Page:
Titanfall 2 is live now, and in my testing it plays great most of the time. I have encountered some occasionally odd lag that would hold my character in place like she stepped in giant spiderweb. This happens even when it looks like my connection is strong. I’ll continue to cover this, so read GamesBeat to see if this is an ongoing concern or launch jitters.
But it’s not just the movement and weapons that make multiplayer fun. Respawn has introduced a new default mode (or the mode that you’ll end up in if you spam the A button until a match starts) called Bounty Hunt that is far better than the original’s Attrition.
In Attrition, two teams fought to score points by taking out computer-controlled troops and each other. That mode is back, but I’m not planning on playing it all that much. That’s because Bounty Hunt has a lot more going on.
In Bounty Hunt, two teams of players can still score points by killing each other and computer-controlled troops. This time, the A.I. is its own squad that all spawn in dropzones around the map in waves. This creates a situation where both teams are fighting over these valuable points in skirmishes around the map. Once the teams have cleared out a wave, each squad gets a chance to deposit the bonus points they collected from taking out creeps into one of two banks. Again, this creates a situation where the two teams are rushing toward these important points, and conflict is unavoidable.
The best part about Bounty Hunt is that if you kill a pilot before they deposit their bonus, you can steal half of it. So if you pull a total boner and fail to earn a lot of money during the waves, you can make up for it by taking out enemy pilots and depositing their bonuses instead.
It’s such a smart and intense mode, and it is significantly different from Battlefield 1, Call of Duty: Infinite Warfare, and Overwatch, and that’s important considering all of these games are out at the same time.
Useful social modes
Gamers have had a lot of features built into services like Origin and Xbox Live that enables you to easily match up with friends. But what about if you don’t know a lot of people who play games like Titanfall. Well, Respawn has your back with its new Networks feature. This enables players to join a group that may center around a common interest, website, or brand. Some popular examples include the Mountain Dew or Harambe networks.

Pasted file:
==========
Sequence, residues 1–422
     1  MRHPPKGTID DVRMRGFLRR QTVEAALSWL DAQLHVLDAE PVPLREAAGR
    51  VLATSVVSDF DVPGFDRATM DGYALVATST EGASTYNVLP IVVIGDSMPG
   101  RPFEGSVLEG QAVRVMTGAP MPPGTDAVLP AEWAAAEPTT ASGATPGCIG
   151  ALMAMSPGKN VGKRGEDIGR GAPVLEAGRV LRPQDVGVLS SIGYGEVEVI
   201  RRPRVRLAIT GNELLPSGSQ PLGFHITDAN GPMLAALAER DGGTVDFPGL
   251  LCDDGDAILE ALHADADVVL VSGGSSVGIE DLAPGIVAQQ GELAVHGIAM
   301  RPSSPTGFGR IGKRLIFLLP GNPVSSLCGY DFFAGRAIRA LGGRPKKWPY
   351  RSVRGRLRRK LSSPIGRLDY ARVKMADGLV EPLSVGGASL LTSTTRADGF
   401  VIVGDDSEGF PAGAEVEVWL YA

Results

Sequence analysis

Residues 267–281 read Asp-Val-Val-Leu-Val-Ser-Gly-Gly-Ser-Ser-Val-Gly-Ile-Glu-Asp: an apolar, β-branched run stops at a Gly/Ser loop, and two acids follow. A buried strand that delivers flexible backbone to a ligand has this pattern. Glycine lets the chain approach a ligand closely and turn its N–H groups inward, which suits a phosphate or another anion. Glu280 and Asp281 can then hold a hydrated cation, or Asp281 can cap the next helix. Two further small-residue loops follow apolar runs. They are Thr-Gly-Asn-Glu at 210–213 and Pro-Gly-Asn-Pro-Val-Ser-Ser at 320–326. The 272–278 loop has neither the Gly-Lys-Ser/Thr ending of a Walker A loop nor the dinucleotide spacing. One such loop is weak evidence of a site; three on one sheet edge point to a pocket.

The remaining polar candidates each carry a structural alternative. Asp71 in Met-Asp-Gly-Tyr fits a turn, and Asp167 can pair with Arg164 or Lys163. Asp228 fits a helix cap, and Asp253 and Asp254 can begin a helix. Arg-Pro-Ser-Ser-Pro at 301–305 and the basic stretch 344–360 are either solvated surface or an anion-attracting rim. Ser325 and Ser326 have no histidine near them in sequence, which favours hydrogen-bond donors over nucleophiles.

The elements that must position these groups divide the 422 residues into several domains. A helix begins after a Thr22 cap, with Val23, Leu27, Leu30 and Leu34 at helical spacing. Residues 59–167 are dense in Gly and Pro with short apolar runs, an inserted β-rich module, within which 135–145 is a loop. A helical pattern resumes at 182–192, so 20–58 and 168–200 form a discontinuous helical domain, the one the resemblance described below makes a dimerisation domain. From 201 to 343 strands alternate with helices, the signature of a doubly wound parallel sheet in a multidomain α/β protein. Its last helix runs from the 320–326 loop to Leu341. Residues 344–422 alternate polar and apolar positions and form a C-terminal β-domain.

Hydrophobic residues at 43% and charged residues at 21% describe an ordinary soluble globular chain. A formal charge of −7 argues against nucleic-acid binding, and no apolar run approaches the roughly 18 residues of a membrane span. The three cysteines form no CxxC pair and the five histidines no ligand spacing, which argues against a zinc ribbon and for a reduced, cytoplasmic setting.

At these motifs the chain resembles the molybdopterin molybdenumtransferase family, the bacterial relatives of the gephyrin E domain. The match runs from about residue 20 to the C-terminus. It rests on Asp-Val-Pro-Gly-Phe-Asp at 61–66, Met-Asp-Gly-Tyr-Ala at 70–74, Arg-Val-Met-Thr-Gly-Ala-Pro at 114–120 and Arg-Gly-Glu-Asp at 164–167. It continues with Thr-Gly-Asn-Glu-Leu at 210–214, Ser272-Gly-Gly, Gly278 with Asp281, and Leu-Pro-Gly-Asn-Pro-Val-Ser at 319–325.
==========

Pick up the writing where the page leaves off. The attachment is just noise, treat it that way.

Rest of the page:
Joining these groups give you a couple of advantages. During certain one-hour periods of the day (which the Network leader chooses), you get bonus XP. This gets many people from that conclave playing at the same time. And at any time, you can start a match and make it an open invite to anyone in your network. This means you could get grouped up with other people in the Detroit Lions network so you have a common frame of reference to get you started communicating. It’s not going to work for everyone, but I think this is something I’m planning to actually use. And that’s rare when it comes to these kinds of clan features in games.
What you won’t like
Visuals aren’t as stunning as some other blockbusters
Titanfall 2 doesn’t look as great as some other shooters on the market. Now, it doesn’t look bad. I think it’s often quite beautiful, but its technology just doesn’t quite stack up. The quality of character faces is nowhere near what Battlefield 1 has. That doesn’t bother me much, because you’re not really staring at faces a ton in these kinds of games. What does bum me out is how Titanfall 2’s animations are far behind something like 2016’s Doom.
When interacting with the world and with enemies, everything looks a little mushy. If you go to melee-attack an enemy, maybe the camera will pull out to show you pulling out some sweet martial art, but it always looks stiffed and canned. And the animations are never contextual to your place in the environment, which can lead to situations where you expect to throw someone against the wall, but you just kinda punch near them ineffectually. That blows up the illusion even if it doesn’t happen a ton throughout the game.
Titanfall 2 is a major surprise. I was expecting to love the multiplayer and to tolerate the campaign, but I love everything about it. Respawn isn’t just making Call of Duty with mechs. It has found its own way, and that has paid off with a special game.
Publisher Electronic Arts provided GamesBeat with a digital copy of this game for the purposes of this review. Titanfall 2 is out October 28.
GamesBeatGamesBeat's creed when covering the game industry is "where passion meets business." What does this mean? We want to tell you how the news matters to you -- not just as a decision-maker at a game studio, but also as a fan of games. Whether you read our articles, listen to our podcasts, or watch our videos, GamesBeat will help you learn about the industry and enjoy engaging with it. How will you do that? Membership includes access to:
- Newsletters, such as DeanBeat
- The wonderful, educational, and fun speakers at our events
- Networking opportunities
- Special members-only interviews, chats, and "open office" events with GamesBeat staff
- Chatting with community members, GamesBeat staff, and other guests in our Discord
- And maybe even a fun prize or two
- Introductions to like-minded parties